Yours of October 3, 1918, duly at hand, and I have searched all the data available in this office, and find nothing of the deceased soldiers you mention. But the following memorandum is found in the pocket of the interment register:

'Disinter the remains (human bones) of four deceased soldiers now buried on the farm of Mr. R. S. Hunt, three and one-half miles distant from Scottsbluff, Nebraska.

'Encase the same in tin-lined boxes 24"xl2"xl0", to be hermetically sealed, and otherwise comply with the laws of the state of Nebraska governing the disinterment of dead human bodies.

'After the bodies are properly encased, the boxes are to be marked as follows:

'Superintendent Ft. McPherson National Cemetery, 'Maxwell, Nebraska,

Weight lbs., and delivered to the railroad agent at Haig, Neb. The old graves are to be refilled. 'June 14, 1915.'' There is no record as to when or what part of the cemetery these bodies are buried, or whether they were ever buried. There is a proper record of the interment of Captain Wm. D. Fouts, 7th Iowa Cavalry, killed by Indians in battle in Dakota, June 14, 1865, and reinterred in this cemetery June 20, 1915. There is no record of interments from Fort Mitchell in this cemetery."

On October 28 Superintendent Heil wrote again: Yours of recent date at hand, and in reply permit me to state that I have searched the Interment Register of this cemetery from its establishment, and find very little that throws any light on the information which you desire.

Herewith I enclose an exact copy of the interments therein found, including the duplicates. I therefore see no means of arriving at any satisfactory data of those you seek.

The early records of this cemetery are very vague and unsatisfactory. I have been superintendent here only since July 7, 1918, and can only refer to matters as I find them on the records. The Record.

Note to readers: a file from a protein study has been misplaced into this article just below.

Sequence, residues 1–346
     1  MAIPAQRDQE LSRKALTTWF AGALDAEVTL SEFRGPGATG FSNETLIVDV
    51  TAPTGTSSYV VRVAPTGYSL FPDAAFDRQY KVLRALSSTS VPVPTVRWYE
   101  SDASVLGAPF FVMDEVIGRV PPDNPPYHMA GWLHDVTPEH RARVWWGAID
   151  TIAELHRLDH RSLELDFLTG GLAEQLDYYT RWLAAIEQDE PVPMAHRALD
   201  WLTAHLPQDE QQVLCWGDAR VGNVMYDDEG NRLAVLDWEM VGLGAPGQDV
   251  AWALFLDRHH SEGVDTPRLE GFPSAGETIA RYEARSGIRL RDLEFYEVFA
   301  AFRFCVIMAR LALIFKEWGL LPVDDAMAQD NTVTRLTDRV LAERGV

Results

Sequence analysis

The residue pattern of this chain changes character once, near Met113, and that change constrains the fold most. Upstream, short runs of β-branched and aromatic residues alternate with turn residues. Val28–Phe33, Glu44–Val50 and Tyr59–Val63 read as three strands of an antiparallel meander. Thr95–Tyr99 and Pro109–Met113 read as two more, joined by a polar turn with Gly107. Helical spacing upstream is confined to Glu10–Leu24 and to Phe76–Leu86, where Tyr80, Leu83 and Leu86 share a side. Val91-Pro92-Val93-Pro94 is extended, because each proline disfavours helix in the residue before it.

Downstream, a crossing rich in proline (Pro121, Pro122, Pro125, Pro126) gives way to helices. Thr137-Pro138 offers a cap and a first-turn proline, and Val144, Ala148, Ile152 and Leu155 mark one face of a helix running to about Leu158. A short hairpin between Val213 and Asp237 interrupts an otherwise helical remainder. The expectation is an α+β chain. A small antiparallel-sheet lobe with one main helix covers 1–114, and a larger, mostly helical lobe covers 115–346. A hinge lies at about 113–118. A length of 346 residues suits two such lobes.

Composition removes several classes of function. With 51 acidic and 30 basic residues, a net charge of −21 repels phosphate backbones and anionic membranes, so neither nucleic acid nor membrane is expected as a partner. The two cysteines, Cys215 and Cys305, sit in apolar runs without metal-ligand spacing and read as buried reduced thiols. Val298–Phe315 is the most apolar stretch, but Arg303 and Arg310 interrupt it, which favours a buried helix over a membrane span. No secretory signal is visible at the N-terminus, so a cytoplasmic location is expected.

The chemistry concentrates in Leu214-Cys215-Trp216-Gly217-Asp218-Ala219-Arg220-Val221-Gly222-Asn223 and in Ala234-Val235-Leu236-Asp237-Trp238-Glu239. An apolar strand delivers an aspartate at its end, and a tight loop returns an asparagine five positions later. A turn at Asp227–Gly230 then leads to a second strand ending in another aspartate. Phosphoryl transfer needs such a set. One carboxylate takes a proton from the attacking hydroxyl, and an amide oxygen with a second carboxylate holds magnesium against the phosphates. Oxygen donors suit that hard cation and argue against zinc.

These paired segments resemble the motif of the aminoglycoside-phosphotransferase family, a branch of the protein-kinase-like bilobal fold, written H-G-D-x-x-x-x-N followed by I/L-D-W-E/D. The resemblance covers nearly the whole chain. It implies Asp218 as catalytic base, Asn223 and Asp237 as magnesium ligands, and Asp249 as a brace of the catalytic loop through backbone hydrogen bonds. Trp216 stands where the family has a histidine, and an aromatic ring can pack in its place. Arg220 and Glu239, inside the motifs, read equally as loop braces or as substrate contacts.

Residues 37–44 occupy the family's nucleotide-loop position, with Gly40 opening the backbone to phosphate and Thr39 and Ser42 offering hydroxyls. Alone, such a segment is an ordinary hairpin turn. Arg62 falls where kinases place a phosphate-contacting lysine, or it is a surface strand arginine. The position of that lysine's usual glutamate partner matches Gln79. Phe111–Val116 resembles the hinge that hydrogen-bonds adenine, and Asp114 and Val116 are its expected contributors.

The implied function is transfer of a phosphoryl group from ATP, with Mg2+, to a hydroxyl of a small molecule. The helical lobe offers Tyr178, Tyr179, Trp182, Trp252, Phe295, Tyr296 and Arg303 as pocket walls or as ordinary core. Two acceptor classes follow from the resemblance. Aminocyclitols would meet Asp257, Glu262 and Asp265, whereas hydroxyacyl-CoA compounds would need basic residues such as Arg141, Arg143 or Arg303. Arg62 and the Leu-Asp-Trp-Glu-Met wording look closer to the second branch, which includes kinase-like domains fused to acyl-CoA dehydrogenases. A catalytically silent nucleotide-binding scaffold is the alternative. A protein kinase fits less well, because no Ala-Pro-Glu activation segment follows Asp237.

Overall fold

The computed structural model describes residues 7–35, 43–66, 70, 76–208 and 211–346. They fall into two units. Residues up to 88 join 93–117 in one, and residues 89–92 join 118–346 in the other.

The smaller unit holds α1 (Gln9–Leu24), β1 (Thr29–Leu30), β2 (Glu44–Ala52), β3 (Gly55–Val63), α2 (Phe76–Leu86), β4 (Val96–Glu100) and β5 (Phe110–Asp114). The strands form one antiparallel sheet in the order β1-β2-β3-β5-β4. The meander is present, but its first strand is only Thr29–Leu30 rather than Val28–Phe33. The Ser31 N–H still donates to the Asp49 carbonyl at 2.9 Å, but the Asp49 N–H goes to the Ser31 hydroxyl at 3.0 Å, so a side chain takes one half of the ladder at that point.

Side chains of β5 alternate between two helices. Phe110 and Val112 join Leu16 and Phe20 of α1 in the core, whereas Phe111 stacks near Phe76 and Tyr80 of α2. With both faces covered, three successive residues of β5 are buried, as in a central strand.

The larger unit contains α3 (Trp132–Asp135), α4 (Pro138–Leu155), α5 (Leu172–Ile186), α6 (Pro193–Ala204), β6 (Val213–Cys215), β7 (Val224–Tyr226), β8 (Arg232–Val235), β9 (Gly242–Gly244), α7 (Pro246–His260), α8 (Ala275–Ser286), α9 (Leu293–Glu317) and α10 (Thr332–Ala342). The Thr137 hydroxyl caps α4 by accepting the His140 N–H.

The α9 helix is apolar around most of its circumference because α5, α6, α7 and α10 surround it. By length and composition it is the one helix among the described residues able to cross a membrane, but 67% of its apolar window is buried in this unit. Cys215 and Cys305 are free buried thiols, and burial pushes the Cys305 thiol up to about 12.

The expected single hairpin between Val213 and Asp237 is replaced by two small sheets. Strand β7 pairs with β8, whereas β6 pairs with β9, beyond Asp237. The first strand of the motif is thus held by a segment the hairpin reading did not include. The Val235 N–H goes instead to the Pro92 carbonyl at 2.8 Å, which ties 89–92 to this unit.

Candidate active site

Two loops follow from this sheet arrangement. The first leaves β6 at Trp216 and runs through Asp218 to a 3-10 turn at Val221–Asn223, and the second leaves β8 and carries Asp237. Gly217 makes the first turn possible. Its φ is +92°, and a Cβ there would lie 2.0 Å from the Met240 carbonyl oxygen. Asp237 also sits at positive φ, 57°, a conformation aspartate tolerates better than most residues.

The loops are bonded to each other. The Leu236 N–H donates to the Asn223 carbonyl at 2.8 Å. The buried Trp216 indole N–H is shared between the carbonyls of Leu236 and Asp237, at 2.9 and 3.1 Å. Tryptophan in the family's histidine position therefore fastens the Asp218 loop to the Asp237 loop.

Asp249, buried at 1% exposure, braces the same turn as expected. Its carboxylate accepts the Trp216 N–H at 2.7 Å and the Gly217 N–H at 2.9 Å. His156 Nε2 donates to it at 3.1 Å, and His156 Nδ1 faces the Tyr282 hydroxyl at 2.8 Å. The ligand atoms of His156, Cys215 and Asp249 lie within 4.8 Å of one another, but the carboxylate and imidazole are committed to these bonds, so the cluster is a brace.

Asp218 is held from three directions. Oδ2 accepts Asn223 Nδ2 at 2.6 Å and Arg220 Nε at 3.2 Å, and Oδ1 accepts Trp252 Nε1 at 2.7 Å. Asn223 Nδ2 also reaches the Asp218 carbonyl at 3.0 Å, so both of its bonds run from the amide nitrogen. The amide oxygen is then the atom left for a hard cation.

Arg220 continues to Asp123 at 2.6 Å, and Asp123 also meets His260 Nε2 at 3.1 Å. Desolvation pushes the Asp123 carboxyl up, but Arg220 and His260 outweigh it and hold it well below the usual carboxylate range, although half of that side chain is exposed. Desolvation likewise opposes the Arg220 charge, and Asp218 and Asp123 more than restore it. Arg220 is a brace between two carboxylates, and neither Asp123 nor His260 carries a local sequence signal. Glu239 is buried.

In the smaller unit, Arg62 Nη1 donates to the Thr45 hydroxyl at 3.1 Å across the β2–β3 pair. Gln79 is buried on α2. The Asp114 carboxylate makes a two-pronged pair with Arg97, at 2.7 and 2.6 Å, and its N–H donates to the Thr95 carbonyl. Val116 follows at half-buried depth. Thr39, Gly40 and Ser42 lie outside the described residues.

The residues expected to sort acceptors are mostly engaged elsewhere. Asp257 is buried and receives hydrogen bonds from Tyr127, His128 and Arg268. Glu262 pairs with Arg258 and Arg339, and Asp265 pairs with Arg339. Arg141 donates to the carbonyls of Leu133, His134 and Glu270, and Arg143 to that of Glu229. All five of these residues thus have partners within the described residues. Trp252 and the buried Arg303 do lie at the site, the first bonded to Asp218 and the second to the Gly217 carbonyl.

John Anderson, Pvt., Co. C, 7th Iowa Cav., died Sept. 18, 1864, Ft. McPherson.
Fred Dyer, 7th Iowa Cav., Ft. McPherson.
Benj. Groms, Sgt., Co. A, 7th Iowa Cav., Ft. McPherson.
Lieut. Heath, 7th Iowa Cav., Ft. Kearny.
B. M. Lyons, Corp., Co. C, 7th Iowa Cav., Ft. McPherson.
C. B. Lellen, Pvt., Co. C, 7th Iowa Cav., Ft. McPherson.
A. Newton, Pvt., Co. D, 7th Iowa Cav., Ft. McPherson.
Wm. D. Fouts, Capt., Co. D, 7th Iowa Cav., died June 14, 1865; reinterred June 20, 1915, from Scottsbluff, Nebr.; killed in battle Horse Creek, Dak.

Grave 801 is marked "Four Unknown." No date of interment, names, organization, or other means of identification, either on the headstones or Interment Register."

The quartermaster-general in his report to the secretary of war, dated September 14, 1915, stated that during the year four known soldiers were removed from Scott's Bluff to the Fort McPherson National Cemetery. It seems probable that these were remains of deceased soldiers of the garrison of the fort.

On October 8, 1918, Mr. Earl H. Gans of Wilcox & Go., Scottsbluff, wrote me as follows:

Three years ago when the body of the captain was found, the government gave us instructions that in case any more bodies were found to notify them.

Some weeks ago Mr. Hunt was doing some work near where the body of the captain was found. He notified us and we found two graves. We found small pieces of the box and two skeletons. The names as far as we know are unknown, also the military organization. The government furnished us with complete paper, permits, etc., and ordered the remains sent to McPherson National Cemetery, Maxwell, Neb.